“For all the history buffs on warfare of the last century, Tanks is a perfect choice . . . packed with fascinating information” (San Francisco Book Review).
This Casemate Short History—by the authors of Tanks in Hell: A Marine Corps Tank Company on Tarawa—provides an informative and entertaining introduction to this iconic weapon of the last hundred years.
Tanks first ventured into battle on the Somme in 1916, and by the end of the war, countries were beginning to choose “heavy” or “light” tank designs to suit their preferred doctrine. Design then stagnated until World War II brought about rapid change. Tanks would prove integral to fighting in almost every theater; the Germans swept across Europe using tanks to spearhead their blitzkrieg method of war, until Soviet tanks proved more than their match and led to some epic tank battles on a huge scale.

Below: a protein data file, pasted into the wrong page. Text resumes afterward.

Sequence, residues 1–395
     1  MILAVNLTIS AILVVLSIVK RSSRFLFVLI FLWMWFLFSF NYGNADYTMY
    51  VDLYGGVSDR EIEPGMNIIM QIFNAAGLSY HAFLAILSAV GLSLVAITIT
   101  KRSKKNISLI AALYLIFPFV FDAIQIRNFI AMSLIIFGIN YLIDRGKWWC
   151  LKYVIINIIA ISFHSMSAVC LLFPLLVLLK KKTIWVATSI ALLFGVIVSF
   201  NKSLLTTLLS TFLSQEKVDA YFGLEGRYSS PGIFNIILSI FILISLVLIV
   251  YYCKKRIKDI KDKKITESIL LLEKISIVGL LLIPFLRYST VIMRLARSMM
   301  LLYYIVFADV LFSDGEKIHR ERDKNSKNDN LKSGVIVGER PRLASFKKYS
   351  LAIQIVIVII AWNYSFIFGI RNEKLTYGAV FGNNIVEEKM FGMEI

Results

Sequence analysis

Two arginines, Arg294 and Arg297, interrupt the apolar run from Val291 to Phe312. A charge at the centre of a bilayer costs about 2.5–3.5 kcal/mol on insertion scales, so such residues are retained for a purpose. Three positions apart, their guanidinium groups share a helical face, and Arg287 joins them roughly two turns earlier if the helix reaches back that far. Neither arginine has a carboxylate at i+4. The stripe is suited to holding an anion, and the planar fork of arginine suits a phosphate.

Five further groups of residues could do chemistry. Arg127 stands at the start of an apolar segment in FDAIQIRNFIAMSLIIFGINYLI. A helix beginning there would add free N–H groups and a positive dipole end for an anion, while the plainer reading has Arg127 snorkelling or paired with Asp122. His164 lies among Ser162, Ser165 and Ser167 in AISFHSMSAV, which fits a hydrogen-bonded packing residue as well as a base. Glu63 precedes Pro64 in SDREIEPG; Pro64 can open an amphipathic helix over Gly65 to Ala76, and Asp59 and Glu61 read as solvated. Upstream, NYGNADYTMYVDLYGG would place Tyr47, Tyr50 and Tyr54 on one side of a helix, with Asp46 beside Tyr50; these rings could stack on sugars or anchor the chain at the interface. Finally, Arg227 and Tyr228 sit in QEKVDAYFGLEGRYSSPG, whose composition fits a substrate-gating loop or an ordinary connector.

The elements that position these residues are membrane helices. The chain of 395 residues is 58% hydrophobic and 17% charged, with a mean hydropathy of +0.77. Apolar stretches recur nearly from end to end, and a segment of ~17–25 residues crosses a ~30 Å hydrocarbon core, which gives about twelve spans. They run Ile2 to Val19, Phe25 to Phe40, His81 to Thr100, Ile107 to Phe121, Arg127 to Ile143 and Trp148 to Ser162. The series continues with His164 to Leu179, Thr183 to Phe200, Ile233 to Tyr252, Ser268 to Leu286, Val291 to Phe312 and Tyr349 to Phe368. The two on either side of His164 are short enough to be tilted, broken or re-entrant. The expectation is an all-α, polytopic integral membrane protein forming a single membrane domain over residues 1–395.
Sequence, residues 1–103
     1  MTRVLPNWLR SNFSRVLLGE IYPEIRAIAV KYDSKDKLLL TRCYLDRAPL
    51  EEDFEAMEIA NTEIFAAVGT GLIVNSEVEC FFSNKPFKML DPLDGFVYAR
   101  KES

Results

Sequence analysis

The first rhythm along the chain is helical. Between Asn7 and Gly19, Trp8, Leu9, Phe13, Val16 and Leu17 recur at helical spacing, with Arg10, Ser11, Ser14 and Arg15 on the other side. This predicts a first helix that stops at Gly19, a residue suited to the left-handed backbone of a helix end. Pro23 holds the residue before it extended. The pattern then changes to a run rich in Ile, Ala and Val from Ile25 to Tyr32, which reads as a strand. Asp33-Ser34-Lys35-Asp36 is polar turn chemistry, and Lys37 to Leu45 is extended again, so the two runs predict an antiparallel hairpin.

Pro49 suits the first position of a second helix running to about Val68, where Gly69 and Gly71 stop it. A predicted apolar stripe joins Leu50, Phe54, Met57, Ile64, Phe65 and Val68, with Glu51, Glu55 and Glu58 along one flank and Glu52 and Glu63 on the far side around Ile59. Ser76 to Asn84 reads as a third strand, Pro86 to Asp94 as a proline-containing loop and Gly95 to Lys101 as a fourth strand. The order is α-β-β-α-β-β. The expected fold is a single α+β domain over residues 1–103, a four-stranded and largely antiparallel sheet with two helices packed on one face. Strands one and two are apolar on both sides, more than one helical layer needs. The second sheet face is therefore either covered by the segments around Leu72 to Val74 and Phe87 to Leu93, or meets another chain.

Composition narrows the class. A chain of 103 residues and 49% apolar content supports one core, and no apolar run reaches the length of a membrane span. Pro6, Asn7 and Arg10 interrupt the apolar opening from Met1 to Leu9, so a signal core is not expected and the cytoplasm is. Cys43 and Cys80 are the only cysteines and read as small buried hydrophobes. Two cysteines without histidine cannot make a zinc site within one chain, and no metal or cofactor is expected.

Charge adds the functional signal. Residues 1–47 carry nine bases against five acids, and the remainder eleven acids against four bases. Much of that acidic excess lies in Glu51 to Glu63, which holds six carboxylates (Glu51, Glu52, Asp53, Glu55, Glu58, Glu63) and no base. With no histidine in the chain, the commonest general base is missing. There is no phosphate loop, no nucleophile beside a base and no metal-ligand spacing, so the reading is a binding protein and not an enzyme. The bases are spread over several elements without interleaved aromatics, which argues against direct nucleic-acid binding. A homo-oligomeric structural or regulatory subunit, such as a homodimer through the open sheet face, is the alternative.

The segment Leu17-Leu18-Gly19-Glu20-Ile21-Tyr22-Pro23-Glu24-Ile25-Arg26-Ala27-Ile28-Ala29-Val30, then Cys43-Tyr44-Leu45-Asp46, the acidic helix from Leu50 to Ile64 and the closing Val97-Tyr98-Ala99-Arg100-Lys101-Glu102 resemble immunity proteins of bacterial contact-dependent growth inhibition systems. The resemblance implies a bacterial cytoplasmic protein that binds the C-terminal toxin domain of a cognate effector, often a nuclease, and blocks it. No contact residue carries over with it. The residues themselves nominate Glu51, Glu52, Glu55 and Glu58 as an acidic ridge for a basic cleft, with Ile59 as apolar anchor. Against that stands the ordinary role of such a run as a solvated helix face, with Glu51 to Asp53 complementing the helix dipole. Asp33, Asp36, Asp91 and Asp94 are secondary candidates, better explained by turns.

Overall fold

After World War II, tank designs became increasingly sophisticated and armor undertook a variety of roles in conflicts, with mixed results. American armor in Korea was soon forced into an infantry support role, which it reprised in Vietnam, while Soviet armor was defeated in guerrilla warfare in Afghanistan. However, tanks played a pivotal role in the American “shock and awe” doctrine in two wars in Iraq, and tanks remain a crucial weapons system on the battlefield.
“Comprehensive despite its conciseness. For example, it addresses the employment of tanks in lesser-known conflicts such as the Indio-Pakistani and Sino-Vietnamese wars. The book provides context for contemporary tank operations and offers a perspective on the way ahead.” —Military Review